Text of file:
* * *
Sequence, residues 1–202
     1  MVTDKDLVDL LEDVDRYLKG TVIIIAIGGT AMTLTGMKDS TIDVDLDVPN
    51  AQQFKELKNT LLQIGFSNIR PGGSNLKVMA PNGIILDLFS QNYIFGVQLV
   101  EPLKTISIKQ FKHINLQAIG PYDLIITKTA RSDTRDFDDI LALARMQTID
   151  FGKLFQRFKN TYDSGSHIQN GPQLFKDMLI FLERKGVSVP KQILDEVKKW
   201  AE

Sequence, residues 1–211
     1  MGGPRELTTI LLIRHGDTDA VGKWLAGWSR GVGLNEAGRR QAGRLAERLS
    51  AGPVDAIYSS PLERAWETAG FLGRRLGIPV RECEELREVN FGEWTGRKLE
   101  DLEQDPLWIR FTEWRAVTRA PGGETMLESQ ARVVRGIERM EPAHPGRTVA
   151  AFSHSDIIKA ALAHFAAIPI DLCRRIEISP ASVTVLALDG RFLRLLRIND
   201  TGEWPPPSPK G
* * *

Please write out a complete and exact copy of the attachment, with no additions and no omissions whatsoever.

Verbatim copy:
Sequence, residues 1–202
     1  MVTDKDLVDL LEDVDRYLKG TVIIIAIGGT AMTLTGMKDS TIDVDLDVPN
    51  AQQFKELKNT LLQIGFSNIR PGGSNLKVMA PNGIILDLFS QNYIFGVQLV
   101  EPLKTISIKQ FKHINLQAIG PYDLIITKTA RSDTRDFDDI LALARMQTID
   151  FGKLFQRFKN TYDSGSHIQN GPQLFKDMLI FLERKGVSVP KQILDEVKKW
   201  AE

Sequence, residues 1–211
     1  MGGPRELTTI LLIRHGDTDA VGKWLAGWSR GVGLNEAGRR QAGRLAERLS
    51  AGPVDAIYSS PLERAWETAG FLGRRLGIPV RECEELREVN FGEWTGRKLE
   101  DLEQDPLWIR FTEWRAVTRA PGGETMLESQ ARVVRGIERM EPAHPGRTVA
   151  AFSHSDIIKA ALAHFAAIPI DLCRRIEISP ASVTVLALDG RFLRLLRIND
   201  TGEWPPPSPK G